Opportunities and Ideas to Make a Difference With Pediatric Patients
Educating patients can be especially rewarding with children.
Part of what pharmacists do for patients is educate them, and this can be especially rewarding and important when the patients are children. Children account for 22% of the US population,1 and nearly all of them receive medical care before reaching the age of 18. Pharmacists have a significant opportunity to engage with these patients and have a substantial impact on their use of medications.
When interacting with children, it is important to remember to include the caregiver and address all their concerns. The child’s age also affects how involved they can be in their treatment. Generally, children approximately 5 years of age and older can understand a simple explanation of how the prescribed medicine will help them.2 All their questions should be answered, and none should ever be dismissed as silly or unimportant.
In retail pharmacy, it is common for parents to come pick up prescriptions with their children, which means that pharmacists have an opportunity to introduce themselves as a friendly and approachable source of information. For parents of children younger than 8 years, making suggestions about how to disguise the flavor of a medicine to make it easier for the child to take can be very helpful. They should be told, for instance, that keeping a solution in the refrigerator can improve its taste and adding small amounts of grape juice or chocolate syrup to it can mask its flavor, but that they must make sure to add only a small amount of food or liquid to the drug as the child must take the full dose.3
Dosing errors are common in children and are another reason why pharmacists should provide advice on the safe administration of medications. To minimize mistakes, pharmacists can go over the child’s dosing when the prescription is picked up. They can show what the correct amount of a liquid medication is by using a syringe—and emphasize that parents use a safe and approved measuring tool—and, if possible, can also have the child take the first dose at the pharmacy.4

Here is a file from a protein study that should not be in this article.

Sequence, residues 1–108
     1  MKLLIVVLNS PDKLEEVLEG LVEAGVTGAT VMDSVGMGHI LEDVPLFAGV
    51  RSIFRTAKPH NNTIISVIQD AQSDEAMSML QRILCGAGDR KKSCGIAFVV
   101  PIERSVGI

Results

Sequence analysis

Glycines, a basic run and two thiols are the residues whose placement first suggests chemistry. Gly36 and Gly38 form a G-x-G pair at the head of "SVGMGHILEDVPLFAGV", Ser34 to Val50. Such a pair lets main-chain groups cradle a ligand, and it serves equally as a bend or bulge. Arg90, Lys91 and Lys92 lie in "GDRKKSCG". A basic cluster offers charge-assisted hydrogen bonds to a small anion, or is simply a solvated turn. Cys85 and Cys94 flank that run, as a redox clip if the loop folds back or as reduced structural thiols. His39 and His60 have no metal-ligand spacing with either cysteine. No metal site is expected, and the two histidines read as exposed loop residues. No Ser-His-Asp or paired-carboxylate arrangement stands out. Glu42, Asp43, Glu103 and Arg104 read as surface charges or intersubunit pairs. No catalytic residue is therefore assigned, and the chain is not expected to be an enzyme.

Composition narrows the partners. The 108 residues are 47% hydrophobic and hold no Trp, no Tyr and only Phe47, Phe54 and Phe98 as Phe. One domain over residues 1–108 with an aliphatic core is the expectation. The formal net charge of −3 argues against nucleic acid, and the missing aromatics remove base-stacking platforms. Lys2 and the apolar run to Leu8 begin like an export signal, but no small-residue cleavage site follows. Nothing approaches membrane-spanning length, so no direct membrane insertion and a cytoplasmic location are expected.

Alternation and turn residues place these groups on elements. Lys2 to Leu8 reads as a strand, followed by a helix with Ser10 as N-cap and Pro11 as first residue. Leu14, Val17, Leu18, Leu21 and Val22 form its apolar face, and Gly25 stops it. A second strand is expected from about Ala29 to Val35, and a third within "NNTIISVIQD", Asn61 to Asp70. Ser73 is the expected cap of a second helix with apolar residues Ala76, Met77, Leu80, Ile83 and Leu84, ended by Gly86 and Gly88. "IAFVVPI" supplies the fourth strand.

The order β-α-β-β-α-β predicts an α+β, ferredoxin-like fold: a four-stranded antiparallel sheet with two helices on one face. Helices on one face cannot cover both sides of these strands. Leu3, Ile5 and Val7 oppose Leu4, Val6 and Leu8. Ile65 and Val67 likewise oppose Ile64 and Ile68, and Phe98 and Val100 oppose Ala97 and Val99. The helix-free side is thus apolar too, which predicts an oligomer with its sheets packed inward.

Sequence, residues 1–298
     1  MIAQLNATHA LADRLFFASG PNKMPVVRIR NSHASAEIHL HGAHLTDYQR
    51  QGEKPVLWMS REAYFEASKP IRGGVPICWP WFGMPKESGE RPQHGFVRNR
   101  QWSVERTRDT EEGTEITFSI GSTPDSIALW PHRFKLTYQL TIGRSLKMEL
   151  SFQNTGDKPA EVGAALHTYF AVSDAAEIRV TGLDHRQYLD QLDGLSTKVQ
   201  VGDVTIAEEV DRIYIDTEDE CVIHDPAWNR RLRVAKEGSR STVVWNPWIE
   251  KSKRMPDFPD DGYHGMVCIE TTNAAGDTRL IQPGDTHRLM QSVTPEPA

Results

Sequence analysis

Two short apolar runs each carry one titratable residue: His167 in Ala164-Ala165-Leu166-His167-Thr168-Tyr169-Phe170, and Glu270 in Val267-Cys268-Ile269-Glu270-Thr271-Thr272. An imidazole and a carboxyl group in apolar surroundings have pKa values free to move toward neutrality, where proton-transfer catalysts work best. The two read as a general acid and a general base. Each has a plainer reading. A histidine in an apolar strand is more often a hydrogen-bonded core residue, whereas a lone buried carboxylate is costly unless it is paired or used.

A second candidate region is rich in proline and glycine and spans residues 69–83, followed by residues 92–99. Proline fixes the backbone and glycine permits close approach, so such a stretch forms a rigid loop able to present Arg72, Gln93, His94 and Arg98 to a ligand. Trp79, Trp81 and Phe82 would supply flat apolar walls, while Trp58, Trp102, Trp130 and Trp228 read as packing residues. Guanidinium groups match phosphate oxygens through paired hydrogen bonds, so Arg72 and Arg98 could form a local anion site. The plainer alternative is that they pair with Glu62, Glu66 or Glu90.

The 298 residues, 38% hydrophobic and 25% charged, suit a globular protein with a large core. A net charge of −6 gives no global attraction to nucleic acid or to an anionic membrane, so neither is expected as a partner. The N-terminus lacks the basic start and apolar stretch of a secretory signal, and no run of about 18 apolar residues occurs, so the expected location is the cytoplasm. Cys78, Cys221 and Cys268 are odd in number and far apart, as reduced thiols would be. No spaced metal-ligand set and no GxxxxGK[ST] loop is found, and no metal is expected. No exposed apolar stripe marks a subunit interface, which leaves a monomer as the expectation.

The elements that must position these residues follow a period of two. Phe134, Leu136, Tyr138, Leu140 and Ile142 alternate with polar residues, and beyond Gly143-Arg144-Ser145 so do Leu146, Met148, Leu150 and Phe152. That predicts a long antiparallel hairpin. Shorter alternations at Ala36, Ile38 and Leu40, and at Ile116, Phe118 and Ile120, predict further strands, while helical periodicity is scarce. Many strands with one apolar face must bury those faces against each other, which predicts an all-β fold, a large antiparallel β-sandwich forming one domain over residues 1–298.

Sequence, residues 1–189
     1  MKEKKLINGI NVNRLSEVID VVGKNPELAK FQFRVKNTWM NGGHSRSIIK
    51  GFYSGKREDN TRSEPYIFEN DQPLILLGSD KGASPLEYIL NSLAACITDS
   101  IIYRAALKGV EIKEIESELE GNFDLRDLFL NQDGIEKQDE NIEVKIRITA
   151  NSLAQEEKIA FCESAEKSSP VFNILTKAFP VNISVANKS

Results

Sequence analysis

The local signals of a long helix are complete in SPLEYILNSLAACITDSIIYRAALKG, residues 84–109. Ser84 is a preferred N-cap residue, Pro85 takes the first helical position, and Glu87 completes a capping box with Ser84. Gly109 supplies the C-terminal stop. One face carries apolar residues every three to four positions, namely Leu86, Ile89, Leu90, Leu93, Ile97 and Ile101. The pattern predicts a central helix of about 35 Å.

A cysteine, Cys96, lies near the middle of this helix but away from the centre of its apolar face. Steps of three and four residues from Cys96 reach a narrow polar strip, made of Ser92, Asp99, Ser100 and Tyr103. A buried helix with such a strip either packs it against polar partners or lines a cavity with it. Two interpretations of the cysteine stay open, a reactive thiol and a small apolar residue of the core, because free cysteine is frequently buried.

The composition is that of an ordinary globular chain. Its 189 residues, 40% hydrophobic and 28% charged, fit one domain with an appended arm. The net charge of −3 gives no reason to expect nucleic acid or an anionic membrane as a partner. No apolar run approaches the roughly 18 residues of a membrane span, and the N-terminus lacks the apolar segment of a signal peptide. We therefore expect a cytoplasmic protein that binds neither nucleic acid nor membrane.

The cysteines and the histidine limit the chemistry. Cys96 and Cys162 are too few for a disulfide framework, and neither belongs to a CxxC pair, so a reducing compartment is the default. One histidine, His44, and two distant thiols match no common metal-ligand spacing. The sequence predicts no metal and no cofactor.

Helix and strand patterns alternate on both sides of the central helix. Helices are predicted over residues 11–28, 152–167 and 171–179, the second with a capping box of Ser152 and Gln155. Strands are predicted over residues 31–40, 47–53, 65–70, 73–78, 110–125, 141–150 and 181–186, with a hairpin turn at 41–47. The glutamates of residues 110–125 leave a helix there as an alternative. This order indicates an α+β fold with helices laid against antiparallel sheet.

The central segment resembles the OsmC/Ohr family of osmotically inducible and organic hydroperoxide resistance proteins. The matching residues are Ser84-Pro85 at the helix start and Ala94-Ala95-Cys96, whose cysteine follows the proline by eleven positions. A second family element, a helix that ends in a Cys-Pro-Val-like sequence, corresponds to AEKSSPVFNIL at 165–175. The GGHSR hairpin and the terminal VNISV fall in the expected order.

In the case of tablets, pharmacists can explain whether these can be crushed and mixed with applesauce or similar food. Likewise, they can help with the dosing of such OTC medication as ibuprofen and acetaminophen, explain what a safe administration frequency is, and specify when children should see a doctor. They should also give parents the number of the Poison Control Hotline (800-222-1222), tell them that it is free and confidential, and encourage them to call if they suspect poisoning or an overdose.
Whenever they dispense medications to adults who live with children, pharmacists should emphasize the importance of keeping medications in a safe, out-of-reach place.
They should take the time to educate toddlers and young children on poison prevention by explaining that they should never touch, taste, or smell unknown substances and always tell an adult about a suspected poison.5 Look-alike games can also be played: Show children pills and pieces of candy that look alike and ask them to identify which is which. Additional games, resources, and fun facts sheets are available at websites like pillsvscandy.com and poison.org, the National Capital Poison Center website. There are also engaging chil- dren’s books—among them Maddie Visits the Pharmacist and Pharmacy and Me—that explain the job a pharmacist does.